London Stock Exchange and Deutsche Boerse are working hard to remove any temptation shareholders and competitors might have to prevent their proposed merger.
When the two agreed to combine back in March, the main attraction was the prospect of 450 million euros ($503 million) of annual pretax cost savings. That at least gave shareholders some compensation for the fact neither side would get any premium for their shares.
Now the betrothed have found still more financial benefits -- combined annual revenue will be 250 million euros more thanks to the merger, they said on Wednesday -- although these will take five years to materialize.
It's another incentive for shareholders to support the deal, rather than wait for something better to come along. The approval process is organized to conclude after the U.K. votes on whether to remain a member of the European Union. That poll may change the calculus, but as things stand the merger still looks like a better bet for each side's investors than staying independent.
Shareholders -- the LSE's in particular -- would doubtless prefer to receive a full premium in a clean takeover. But it would be highly risky for them to vote against the deal in the hope that the obvious suitor, Intercontinental Exchange of the U.S., resurfaces in November, the earliest regulators will allow it to look again at a bid after it stopped work on one last month.
ICE's decision to put its pen down perhaps suggests it doubts the benefits of buying more scale in another exchange deal, or that it is more interested in doing more transactions in the data and information business.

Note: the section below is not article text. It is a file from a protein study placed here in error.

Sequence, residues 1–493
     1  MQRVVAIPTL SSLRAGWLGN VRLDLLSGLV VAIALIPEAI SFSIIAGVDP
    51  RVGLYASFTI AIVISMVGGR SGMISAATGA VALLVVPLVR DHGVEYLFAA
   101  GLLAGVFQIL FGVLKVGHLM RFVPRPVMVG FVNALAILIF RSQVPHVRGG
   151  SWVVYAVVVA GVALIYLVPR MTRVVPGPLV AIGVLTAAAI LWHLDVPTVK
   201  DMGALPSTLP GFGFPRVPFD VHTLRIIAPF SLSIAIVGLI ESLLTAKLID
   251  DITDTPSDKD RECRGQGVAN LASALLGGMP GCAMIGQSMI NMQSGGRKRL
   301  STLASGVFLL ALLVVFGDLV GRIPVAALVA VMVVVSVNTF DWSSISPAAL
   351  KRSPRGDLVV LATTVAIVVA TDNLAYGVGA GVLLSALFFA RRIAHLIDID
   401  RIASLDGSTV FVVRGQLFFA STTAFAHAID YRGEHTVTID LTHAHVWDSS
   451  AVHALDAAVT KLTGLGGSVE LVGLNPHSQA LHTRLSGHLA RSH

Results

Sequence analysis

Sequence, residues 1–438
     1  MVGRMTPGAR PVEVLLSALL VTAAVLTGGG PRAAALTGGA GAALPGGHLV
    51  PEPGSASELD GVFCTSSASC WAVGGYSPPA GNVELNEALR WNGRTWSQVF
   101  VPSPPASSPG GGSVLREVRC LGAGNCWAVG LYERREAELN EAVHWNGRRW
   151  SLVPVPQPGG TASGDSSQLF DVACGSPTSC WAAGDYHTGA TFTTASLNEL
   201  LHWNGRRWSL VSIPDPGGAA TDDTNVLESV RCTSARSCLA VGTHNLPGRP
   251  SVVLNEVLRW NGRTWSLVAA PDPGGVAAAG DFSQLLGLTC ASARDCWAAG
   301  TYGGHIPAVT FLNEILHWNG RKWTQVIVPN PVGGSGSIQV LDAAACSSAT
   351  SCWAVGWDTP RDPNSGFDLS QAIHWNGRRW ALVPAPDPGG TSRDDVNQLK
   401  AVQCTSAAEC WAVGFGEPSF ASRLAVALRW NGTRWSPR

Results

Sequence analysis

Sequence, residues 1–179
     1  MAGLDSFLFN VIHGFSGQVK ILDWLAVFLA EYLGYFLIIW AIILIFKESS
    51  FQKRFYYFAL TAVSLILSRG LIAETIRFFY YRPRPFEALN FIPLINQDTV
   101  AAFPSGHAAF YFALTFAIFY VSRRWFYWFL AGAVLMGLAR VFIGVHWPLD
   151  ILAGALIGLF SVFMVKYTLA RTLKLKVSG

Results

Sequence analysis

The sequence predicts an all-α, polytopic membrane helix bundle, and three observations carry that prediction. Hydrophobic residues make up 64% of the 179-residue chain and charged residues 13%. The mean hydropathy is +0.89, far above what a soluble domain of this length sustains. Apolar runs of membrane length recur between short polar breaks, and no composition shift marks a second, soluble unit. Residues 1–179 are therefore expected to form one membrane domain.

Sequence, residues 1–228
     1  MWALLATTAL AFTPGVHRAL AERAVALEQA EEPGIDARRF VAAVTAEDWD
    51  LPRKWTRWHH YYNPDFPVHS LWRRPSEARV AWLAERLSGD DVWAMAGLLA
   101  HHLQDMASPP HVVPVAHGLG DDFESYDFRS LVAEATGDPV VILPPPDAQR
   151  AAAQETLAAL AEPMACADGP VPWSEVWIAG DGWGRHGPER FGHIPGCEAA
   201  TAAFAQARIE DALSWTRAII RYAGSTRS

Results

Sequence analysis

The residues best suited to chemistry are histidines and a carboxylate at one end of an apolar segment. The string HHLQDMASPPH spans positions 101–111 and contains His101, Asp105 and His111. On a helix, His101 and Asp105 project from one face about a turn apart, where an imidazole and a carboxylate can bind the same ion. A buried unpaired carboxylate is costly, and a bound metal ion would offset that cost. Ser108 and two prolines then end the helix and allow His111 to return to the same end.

Besides, the deal isn't done until a U.K. court rubber stamps it following regulatory approval. LSE shareholders could, in theory, appeal to a judge to pass on that if another bid turned up late in the day -- although that would be a long shot.
In the meantime, the bar for a counterbid has been raised again. Investors may be rightly sceptical of revenue gains, but if the groups can achieve what they are promising, the added benefits would contribute another 100 million euros to annual operating profit (assuming a 40 percent operating margin). Taxed, these have a net present value of about 1.1 billion euros. Add 4 billion euros of value created by the cost savings, and the combination starts to look more attractive.
But it's not certain these gains will be achieved in full. Shares of both companies are pricing in only a fraction of the benefits right now, reflecting concern regulators could yet sink the transaction. Still, it's the only deal on offer -- and one that beats being left out in the cold.
This column does not necessarily reflect the opinion of Bloomberg LP and its owners.
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